If we combine both the statements, then N is odd and all the numbers are consecutive integers,in that case X has to be positive integer. Hence Option C.

How do we know this is the case ? ( I know this is the case and i solved it using examples 2k, 2k+1.. etc. not sure how did you get this ).


Regards,
Lucky
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Re: If N different positive integers are added and the sum is denoted as S  [#permalink]

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New post 03 Mar 2015, 06:00
1
Lucky2783 wrote:
Bunuel wrote:
Bunuel wrote:
If N different positive integers are added and the sum is denoted as S, and if S=NX, is X an integer?

(1) N is odd.

(2) All N numbers are consecutive integers.

Kudos for a correct solution.


VERITAS PREP OFFICIAL SOLUTION

Statement (1): N is Odd. If the numbers are 1,2 and 3 then 6=3 * 2 here X is an integer. and if we take 2, 3, 5, then 10=3 * (10/3) here X is a fraction. Insufficient.

Statement (2): All the N numbers are consecutive integers.

If N is even, and if we take 1 and 2, then S=3 = 2 * 1.5 so X is a fraction. if N is odd, and if we take 1,2 and 3, then S = 6 = 3 * 2, so X is a integer.

Insufficient.

If we combine both the statements, then N is odd and all the numbers are consecutive integers, in that case X has to be positive integer. Hence Option C.


Hi Bunuel,

could you please shed some light on the highlighted portion of your explanation for this question ?

If we combine both the statements, then N is odd and all the numbers are consecutive integers,in that case X has to be positive integer. Hence Option C.

How do we know this is the case ? ( I know this is the case and i solved it using examples 2k, 2k+1.. etc. not sure how did you get this ).


Regards,
Lucky


The question basically asks whether S (the sum of N integers) is divisible by N (the number of integers).

Properties of consecutive integers:
• If n is odd, the sum of n consecutive integers is always divisible by n. Given \(\{9,10,11\}\), we have \(n=3=odd\) consecutive integers. The sum is 9+10+11=30, which is divisible by 3.
• If n is even, the sum of n consecutive integers is never divisible by n. Given \(\{9,10,11,12\}\), we have \(n=4=even\) consecutive integers. The sum is 9+10+11+12=42, which is NOT divisible by 4.

(1) says that n is odd and (2) says that the numbers are consecutive, hence the sum of N integers, S, must be divisible by the number of untergers, N.

Hope it's clear.

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Re: If N different positive integers are added and the sum is denoted as S  [#permalink]

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New post 03 Mar 2015, 06:16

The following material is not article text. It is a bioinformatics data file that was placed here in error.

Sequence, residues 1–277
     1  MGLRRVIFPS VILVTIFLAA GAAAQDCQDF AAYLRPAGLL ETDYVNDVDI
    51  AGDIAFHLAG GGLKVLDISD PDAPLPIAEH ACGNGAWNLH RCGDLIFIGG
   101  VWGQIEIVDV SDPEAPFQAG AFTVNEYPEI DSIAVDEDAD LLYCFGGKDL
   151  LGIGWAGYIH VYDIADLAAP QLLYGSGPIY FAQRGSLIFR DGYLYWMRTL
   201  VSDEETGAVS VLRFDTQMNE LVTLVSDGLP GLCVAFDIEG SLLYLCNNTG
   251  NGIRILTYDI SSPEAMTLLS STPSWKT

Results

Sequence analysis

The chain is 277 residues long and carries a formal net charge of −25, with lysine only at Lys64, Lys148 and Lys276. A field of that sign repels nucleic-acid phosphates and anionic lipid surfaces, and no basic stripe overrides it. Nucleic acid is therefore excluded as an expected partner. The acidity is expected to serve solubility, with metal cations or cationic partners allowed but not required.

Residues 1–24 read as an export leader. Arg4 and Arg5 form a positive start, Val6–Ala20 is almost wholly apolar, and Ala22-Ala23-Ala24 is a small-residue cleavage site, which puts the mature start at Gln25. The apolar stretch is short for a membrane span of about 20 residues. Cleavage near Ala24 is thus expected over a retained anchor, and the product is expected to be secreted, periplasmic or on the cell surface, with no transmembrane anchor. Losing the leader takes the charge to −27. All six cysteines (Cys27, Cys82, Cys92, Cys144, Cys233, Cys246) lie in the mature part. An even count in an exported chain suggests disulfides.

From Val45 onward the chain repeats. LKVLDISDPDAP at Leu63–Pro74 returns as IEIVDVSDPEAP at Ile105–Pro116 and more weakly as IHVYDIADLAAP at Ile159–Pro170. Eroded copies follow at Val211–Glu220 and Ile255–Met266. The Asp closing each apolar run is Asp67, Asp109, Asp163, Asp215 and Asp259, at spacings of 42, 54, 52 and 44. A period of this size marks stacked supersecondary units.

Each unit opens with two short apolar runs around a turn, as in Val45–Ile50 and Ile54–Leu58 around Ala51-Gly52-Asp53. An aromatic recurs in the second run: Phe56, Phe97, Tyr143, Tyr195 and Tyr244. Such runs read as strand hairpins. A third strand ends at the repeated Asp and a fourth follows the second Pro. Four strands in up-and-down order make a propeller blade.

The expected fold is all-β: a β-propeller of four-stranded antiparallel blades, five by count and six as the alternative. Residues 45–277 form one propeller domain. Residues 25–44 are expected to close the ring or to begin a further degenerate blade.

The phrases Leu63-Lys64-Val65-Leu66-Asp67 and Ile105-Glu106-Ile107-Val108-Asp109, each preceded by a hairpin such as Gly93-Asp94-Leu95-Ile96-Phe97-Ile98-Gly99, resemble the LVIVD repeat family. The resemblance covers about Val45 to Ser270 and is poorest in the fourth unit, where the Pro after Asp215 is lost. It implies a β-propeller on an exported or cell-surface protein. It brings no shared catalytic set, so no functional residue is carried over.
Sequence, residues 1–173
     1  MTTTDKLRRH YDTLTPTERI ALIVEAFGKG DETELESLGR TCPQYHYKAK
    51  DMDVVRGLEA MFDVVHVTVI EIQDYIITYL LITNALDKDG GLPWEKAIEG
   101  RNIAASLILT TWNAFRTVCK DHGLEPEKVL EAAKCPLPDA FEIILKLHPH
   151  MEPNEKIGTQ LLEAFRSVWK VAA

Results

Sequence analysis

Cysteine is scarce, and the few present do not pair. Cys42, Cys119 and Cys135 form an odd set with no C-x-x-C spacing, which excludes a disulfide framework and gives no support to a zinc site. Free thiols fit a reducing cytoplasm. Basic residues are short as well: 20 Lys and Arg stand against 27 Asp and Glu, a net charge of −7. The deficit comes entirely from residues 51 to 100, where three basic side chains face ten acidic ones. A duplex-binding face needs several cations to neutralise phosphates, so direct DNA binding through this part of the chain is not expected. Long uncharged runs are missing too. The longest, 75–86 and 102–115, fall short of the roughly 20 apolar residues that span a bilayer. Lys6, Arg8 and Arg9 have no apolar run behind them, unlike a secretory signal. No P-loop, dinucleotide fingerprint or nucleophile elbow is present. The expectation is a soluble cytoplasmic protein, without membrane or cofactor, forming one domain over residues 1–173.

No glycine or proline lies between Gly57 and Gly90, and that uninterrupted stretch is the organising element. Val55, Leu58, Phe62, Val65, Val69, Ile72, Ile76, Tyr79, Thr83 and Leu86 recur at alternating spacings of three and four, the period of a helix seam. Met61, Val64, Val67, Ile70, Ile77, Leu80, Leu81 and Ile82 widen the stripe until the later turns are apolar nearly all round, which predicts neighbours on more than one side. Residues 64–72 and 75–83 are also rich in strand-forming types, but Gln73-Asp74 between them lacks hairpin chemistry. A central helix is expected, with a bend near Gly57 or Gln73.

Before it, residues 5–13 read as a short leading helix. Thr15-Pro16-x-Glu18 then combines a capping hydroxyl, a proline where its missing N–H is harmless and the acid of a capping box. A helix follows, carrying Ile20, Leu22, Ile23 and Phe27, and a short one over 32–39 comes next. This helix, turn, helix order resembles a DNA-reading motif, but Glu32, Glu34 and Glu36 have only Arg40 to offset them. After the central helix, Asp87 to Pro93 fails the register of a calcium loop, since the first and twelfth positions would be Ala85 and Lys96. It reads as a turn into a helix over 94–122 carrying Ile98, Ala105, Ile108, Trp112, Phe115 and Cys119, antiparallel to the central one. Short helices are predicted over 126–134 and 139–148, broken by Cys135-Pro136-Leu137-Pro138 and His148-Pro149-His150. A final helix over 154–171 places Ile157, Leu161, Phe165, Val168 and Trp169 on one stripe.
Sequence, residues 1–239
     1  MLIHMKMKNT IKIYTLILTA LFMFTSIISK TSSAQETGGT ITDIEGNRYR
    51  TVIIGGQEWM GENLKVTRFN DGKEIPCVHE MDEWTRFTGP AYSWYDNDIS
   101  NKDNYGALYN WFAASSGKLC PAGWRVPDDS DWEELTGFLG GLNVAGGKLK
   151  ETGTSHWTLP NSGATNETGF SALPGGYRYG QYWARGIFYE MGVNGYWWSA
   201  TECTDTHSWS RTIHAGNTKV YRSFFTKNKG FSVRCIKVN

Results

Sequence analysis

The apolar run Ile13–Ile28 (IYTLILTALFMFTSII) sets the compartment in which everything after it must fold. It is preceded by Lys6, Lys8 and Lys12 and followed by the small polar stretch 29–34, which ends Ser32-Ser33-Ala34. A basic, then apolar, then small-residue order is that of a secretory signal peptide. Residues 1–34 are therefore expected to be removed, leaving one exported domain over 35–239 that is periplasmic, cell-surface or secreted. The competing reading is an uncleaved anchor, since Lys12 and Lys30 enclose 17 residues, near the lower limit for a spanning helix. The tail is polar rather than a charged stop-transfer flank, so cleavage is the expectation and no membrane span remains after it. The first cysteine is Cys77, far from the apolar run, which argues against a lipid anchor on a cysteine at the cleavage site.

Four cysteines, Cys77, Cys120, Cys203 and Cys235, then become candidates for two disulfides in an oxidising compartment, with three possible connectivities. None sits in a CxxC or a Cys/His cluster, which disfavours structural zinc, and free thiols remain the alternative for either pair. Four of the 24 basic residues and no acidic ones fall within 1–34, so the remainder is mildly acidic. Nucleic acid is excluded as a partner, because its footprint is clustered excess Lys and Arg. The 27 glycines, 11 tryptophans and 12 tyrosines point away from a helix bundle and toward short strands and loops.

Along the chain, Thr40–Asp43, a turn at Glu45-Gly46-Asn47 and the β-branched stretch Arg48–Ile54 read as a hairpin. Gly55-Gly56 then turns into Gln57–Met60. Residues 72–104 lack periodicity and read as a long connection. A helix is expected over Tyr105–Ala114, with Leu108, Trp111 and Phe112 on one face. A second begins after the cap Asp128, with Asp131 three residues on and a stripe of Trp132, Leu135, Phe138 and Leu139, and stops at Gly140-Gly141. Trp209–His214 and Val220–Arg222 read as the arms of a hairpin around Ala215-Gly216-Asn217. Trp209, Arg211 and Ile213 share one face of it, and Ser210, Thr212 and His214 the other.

The question basically asks whether S (the sum of N integers) is divisible by N (the number of integers).

Properties of consecutive integers:
• If n is odd, the sum of n consecutive integers is always divisible by n. Given \(\{9,10,11\}\), we have \(n=3=odd\) consecutive integers. The sum is 9+10+11=30, which is divisible by 3.
• If n is even, the sum of n consecutive integers is never divisible by n. Given \(\{9,10,11,12\}\), we have \(n=4=even\) consecutive integers. The sum is 9+10+11+12=42, which is NOT divisible by 4.

(1) says that n is odd and (2) says that the numbers are consecutive, hence the sum of N integers, S, must be divisible by the number of untergers, N.

Hope it's clear.

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Gotcha !!
thanks .
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Re: If N different positive integers are added and the sum is denoted as S  [#permalink]

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New post 28 Jun 2017, 08:43
Bunuel wrote:
If N different positive integers are added and the sum is denoted as S, and if S=NX, is X an integer?

(1) N is odd.

(2) All N numbers are consecutive integers.

Kudos for a correct solution.


I hope this will make the solution faster and simpler, but remember the magic formula of a sum of consecutive numbers: #numbers*(num_min+num_max)/2

1) clearly not suff: S can be the sum of any number
2) 1+2=3 -> 3/2 not an integer II 1+2+3= 6 -> 6/3 integer

1&2

Since number consecutive S=N*(n1+nN)/2 = NX
Since N is odd n1+nN is even and so (n1+nN)/2= X = integer
Suff.
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Re: If N different positive integers are added and the sum is denoted as S  [#permalink]

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Re: If N different positive integers are added and the sum is denoted as S   [#permalink] 20 Mar 2019, 01:46